Both these fields have been targeted by "nighthawkers" and the landowners are very keen for us to recover all artefacts, leaving the area "barren" and therefore possibly discourage any further nighthawking.
The start however wasn't as smooth as expected due to the ground conditions being so wet and "claggy" and, additionally, the field was heavily contaminated with green waste.
The first coin recovered was a silver hammered coin of Edward I in very good condition. The next artefact was a beautiful Saxon zoomorphic strapend and 11 fragments of Medieval pottery came to light which appeared to be of high status.
Well the green waste got the better of us and we decided to move to the next planned field.
And what a good move it was too!
Within minutes of starting the new survey sherds of C13th pottery started to emerge. Oddly enough, the next find was a Roman nummus! It soon became apparent though that Medieval pottery was going to be the order of the day, apart from the staggering amount of Medieval buckles recovered!
The best result was that the field didn't appear to have any green waste upon it!!!
A cut-half Tealby penny and another four hammered coins were recovered
along with more Roman coins and even more Medieval pottery surfaced.
In total, 120 pieces of pottery weighing in at 3,974g (nearly 9 pounds in old money) of which included Roman, Saxon and Medieval material.
In all, 12 Medieval buckles/strapends, a Saxon strapend, a denarius of Antoninus Pius, 5 Roman bronzes, 6 hammered coins (one being a Tealby), Medieval lead (fishing?) weights, Medieval mounts, A C14th dress hook and devil's toenail fossil were recovered.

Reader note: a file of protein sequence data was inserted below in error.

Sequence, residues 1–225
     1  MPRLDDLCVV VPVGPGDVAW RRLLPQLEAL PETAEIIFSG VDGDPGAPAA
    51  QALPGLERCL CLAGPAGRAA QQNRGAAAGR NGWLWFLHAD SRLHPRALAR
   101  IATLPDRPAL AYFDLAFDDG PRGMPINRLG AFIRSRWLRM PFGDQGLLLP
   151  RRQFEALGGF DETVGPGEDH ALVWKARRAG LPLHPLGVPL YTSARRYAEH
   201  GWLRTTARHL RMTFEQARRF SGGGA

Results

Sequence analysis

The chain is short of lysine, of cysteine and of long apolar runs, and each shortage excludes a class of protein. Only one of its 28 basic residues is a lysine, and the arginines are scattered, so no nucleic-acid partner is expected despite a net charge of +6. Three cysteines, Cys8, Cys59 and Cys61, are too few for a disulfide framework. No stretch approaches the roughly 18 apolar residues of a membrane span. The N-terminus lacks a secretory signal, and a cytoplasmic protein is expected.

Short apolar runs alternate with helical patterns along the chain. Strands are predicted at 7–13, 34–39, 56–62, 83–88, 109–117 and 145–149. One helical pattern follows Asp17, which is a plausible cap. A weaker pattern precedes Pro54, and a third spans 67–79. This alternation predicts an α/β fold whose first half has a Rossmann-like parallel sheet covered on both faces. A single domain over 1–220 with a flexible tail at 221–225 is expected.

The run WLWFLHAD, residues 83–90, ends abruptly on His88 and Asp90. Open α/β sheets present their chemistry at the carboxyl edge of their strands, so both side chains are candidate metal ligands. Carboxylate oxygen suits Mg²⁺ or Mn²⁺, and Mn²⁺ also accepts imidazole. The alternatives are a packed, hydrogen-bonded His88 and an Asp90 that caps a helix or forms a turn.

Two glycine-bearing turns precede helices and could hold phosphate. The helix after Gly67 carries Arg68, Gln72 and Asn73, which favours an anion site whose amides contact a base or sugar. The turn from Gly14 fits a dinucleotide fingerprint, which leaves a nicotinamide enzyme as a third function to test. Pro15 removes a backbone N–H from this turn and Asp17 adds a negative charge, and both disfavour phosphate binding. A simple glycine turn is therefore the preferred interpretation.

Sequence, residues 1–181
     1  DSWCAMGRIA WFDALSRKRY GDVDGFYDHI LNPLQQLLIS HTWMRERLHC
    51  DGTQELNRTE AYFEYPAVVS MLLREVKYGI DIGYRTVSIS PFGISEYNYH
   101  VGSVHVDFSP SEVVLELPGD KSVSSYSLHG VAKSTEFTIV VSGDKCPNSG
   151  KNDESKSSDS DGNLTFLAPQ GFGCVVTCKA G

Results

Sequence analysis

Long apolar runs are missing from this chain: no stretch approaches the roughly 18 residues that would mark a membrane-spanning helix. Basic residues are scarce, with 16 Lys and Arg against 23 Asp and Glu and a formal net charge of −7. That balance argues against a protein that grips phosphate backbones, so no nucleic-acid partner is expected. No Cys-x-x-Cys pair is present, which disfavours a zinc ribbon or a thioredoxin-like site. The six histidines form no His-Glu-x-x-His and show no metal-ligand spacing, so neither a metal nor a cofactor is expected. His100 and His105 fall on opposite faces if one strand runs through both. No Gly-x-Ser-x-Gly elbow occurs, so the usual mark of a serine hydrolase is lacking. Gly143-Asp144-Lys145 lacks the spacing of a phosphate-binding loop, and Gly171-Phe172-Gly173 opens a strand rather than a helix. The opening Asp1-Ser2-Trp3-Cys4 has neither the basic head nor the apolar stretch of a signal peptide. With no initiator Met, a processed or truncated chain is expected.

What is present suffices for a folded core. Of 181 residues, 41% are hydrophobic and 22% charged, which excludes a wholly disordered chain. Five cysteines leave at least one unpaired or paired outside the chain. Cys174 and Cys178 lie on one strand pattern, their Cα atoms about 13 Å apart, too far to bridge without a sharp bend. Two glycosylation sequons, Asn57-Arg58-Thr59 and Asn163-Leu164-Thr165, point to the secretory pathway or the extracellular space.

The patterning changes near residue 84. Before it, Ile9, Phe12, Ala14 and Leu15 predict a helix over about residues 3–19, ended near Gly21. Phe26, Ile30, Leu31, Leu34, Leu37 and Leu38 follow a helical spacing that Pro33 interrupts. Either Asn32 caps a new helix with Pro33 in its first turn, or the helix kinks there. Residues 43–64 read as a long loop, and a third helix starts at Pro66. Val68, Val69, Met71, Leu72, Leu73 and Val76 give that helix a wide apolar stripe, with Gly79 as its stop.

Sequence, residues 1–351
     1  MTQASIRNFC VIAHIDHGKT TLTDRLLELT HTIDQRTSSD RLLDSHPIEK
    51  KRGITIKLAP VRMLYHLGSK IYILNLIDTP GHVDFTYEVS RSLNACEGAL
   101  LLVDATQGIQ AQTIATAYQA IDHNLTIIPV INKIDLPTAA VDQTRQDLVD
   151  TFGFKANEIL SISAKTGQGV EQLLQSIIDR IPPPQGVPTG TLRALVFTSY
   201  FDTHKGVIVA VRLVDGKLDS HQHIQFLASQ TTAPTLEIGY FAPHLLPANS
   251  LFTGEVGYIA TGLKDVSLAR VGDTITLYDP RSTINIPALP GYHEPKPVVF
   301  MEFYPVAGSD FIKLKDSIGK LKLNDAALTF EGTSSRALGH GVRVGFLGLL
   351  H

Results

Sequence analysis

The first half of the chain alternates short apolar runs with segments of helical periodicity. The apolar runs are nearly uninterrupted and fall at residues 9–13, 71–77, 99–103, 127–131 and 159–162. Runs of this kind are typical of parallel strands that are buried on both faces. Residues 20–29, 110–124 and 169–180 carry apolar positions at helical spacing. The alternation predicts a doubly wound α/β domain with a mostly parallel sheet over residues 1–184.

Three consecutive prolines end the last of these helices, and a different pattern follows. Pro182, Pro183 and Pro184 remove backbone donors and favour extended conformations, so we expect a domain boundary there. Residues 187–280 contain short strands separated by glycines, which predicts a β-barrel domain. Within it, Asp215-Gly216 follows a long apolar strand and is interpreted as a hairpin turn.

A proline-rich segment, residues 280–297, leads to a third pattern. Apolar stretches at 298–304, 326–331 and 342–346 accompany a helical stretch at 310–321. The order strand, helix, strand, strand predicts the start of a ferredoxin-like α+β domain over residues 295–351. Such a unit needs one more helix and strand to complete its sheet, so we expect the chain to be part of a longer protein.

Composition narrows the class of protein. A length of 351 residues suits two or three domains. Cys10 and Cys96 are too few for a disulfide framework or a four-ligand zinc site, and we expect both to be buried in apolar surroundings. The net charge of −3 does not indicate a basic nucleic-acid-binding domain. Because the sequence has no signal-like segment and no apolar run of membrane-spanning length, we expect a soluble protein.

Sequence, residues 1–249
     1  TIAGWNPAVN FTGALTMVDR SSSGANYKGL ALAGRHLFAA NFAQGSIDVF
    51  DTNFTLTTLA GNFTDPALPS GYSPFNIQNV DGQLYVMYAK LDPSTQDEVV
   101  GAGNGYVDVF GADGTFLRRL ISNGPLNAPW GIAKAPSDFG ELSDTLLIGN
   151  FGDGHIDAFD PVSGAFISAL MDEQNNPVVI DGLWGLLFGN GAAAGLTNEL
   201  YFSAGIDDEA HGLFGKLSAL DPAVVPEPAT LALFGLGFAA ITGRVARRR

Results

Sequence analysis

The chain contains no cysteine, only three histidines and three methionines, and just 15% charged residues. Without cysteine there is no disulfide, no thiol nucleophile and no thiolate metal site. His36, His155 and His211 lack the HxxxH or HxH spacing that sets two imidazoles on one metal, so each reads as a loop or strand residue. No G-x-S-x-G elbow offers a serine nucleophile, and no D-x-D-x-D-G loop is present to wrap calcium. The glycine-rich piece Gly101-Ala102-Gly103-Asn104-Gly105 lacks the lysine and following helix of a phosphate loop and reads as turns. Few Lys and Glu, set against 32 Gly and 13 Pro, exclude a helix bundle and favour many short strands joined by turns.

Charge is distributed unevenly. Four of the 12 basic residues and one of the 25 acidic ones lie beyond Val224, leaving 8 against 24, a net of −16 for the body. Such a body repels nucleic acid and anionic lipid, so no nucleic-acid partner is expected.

With the light fading we called it a wrap and headed for the landowners house. An earlier text from the landowner's daughter revealed that she was home from London and was very enthusiastic to see us again and excited to see what we'd recovered. After all, she does hold a degree in archaeology!
We were greeted by the whole family with the news of an impending wedding, and the lucky fiancé was there too! You can imagine the mixed conversations between eight people trying to discuss pottery, coin and artefact details, with historical context, and the wedding too!
We acquired a superb map, annotated with all the field names. This would make it a lot easier when speaking to the landowner when asking about certain fields marked for survey and accurately identifying fields included in the reports of previous surveys.
Everyone was amazed (including us!) at the amount of pottery we'd recovered as well as some lovely artefacts and coins. The best part for us is that the nighthawkers that operate on those fields are going to go away empty handed.
For those of a technical disposition, we used the Déus 13" coils and the familiar standard GMP mode and "Tracking".
Again, most finds were recovered within the first three inches of the field surface with some finds actually on the surface itself.
Saying that, we did find a signal that was two feet down and we're going back to check it out at the next visit.
For access to the images of all the recovered finds please click here.